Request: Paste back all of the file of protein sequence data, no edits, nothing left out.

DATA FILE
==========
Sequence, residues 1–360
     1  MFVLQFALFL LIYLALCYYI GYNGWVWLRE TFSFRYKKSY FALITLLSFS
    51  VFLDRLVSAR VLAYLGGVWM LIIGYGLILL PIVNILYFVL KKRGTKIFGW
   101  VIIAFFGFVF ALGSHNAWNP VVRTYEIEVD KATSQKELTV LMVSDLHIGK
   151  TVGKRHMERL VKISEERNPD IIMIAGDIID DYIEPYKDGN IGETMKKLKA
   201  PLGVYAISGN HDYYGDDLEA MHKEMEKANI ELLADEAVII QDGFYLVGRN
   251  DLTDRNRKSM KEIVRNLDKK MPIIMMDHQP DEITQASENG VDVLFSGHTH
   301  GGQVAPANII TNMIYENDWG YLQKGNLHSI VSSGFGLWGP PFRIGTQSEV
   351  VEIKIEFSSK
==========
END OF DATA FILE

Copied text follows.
Sequence, residues 1–360
     1  MFVLQFALFL LIYLALCYYI GYNGWVWLRE TFSFRYKKSY FALITLLSFS
    51  VFLDRLVSAR VLAYLGGVWM LIIGYGLILL PIVNILYFVL KKRGTKIFGW
   101  VIIAFFGFVF ALGSHNAWNP VVRTYEIEVD KATSQKELTV LMVSDLHIGK
   151  TVGKRHMERL VKISEERNPD IIMIAGDIID DYIEPYKDGN IGETMKKLKA
   201  PLGVYAISGN HDYYGDDLEA MHKEMEKANI ELLADEAVII QDGFYLVGRN
   251  DLTDRNRKSM KEIVRNLDKK MPIIMMDHQP DEITQASENG VDVLFSGHTH
   301  GGQVAPANII TNMIYENDWG YLQKGNLHSI VSSGFGLWGP PFRIGTQSEV
   351  VEIKIEFSSK